April 3, 2024
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Trust as a foundation of organizational success


By Vlad Vaiman

I have spent the past 20 years of my life researching the issues of talent management and consulting organizations on what they should do to attract, engage, develop, and retain their most valuable employees. Among some of the outcomes of my work is the framework for talent retention revealing what keeps people with their companies, what makes them engaged and motivated to perform their duties day in and day out — based on multiple interviews with employees and managers across a variety of organizations. 

Some of the factors mentioned by employees were interesting work assignments, professional growth opportunities, flexibility, asynchrony, belonging, and others. 

What I have noticed though was that lately, all these elements have become hygiene factors, or in other words, essential but not sufficient to motivate, engage, and retain employees. So, what should an organization do to reach the desired level of engagement and retention?

It seems that quite a few organizations place extra emphasis on Purpose as the most important factor behind these desired upshots — and apparently, this is wrong. 

Recent research by MIT finds that it is not Purpose that helps motivate, engage, and retain employees, but rather the level and quality of Interpersonal Collaboration (IC). IC refers to everyday connections to and communications with various colleagues — within and across departments, including supervisors and organizational leadership — at work and off work. 

And even though Purpose still plays an important role, it is Trust that is at the foundation of all talent management efforts, including retention.  And here is how it works: Trust cultivates Purpose, which in turn generates Energy, which improves Interpersonal Collaboration, which leads to high levels of engagement and retention.  So, let’s then talk about trust in a bit more detail.


The term “organizational trust” is used to describe the degree to which workers have faith and reliance in their employer. Some benefits of a trustworthy workplace environment include, for example, increased job satisfaction and optimism.

When employees have faith in their company, they are more committed to its success.  As a result, employees may feel more invested in the company’s mission and work harder toward its goals.  Productivity also seems to rise when employees have faith in their employer and are motivated to go above and beyond the expected in order to help the company succeed. 

Trust between employees and management can also help to break down barriers to honest and open dialogue. When employees believe they can trust their superiors, they are more likely to work together and support one another. 

Trust can also decrease the rates of turnover in the organization.  That is because employees who have faith in their employer are less likely to leave, which saves money in the long run by lowering the need to replace them and pay for their training and onboarding.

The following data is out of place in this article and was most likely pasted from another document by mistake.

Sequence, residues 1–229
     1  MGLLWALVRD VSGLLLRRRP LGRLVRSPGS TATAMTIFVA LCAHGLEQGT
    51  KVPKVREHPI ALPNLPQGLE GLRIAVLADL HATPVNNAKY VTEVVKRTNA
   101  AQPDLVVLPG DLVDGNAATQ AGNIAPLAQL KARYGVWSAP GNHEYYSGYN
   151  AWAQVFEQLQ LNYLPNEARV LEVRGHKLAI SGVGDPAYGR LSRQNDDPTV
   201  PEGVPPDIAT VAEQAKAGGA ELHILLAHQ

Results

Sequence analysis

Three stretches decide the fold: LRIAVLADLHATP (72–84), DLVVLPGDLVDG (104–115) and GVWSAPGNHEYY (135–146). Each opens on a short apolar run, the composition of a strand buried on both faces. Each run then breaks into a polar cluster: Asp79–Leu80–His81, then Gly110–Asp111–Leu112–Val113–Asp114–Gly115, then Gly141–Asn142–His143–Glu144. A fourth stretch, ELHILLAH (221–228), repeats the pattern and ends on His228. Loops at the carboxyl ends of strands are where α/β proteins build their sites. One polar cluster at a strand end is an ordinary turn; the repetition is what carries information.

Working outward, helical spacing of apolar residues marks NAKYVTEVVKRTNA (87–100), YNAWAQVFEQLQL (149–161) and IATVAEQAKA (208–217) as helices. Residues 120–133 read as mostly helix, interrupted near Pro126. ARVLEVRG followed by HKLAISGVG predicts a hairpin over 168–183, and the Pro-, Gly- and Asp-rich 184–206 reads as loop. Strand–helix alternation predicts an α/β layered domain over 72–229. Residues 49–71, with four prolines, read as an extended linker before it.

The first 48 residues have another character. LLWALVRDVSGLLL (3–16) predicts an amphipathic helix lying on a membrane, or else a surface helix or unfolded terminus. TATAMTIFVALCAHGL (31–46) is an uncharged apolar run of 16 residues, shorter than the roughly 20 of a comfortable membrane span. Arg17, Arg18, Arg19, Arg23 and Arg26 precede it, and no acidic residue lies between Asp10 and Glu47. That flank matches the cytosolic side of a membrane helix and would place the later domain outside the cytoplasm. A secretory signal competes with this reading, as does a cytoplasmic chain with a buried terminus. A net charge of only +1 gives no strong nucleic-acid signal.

Finally, trustworthy businesses — through the virtue of a good reputation — have a better chance of attracting and retaining the best employees, clients, and partners. Overall, organizational trust can lead to a more positive and productive work environment, which can benefit both the employees and the organization as a whole.


Organizational trust can only grow and be sustained through open, honest, transparent, multi-directional (top-down, bottom-up, and lateral), and consistent communication. Below, I will outline a few suggestions for managers to consider when it comes to the kinds of communication that are crucial for establishing and sustaining trust in any given workplace.

To begin, always communicate clearly and consistently. Whether it is to employees, customers, investors, or the general public, an organization’s message must be crystal clear and consistent. The message must also be true to the organization’s values, mission, and objectives.

Second, learn to be a good listener. Leaders in any organization owe it to their employees and the other parties involved to actively hear them out. This includes creating avenues for feedback, listening to and responding to concerns, and acknowledging and fixing problems as soon as they arise.

Third, maintain openness. Organizations should be forthright in their communications, disclosing their actions, plans, and decisions in a timely manner. Truthfulness about the organization’s successes and failures, as well as its opportunities, challenges and risks, is essential.  

The next step is to prove your credibility. The language and tone of an organization’s communications should be consistent with its values and goals. Communicating in a straightforward and approachable manner that avoids overly formal language is essential.

Finally, remember the importance of timeliness. Organizational leaders need to keep their employees informed and updated as quickly and thoroughly as possible. During times of crisis or uncertainty, when everyone involved, but especially the workforce may be looking for some reassurance or direction, this becomes even more crucial.

By prioritizing these types of communication, organizations can build and maintain trust with their stakeholders, including employees, which is essential for their engagement and retention, and therefore, long-term success.

Dr. Vlad Vaiman is a Professor and Associate Dean at the Cal Lutheran School of Management.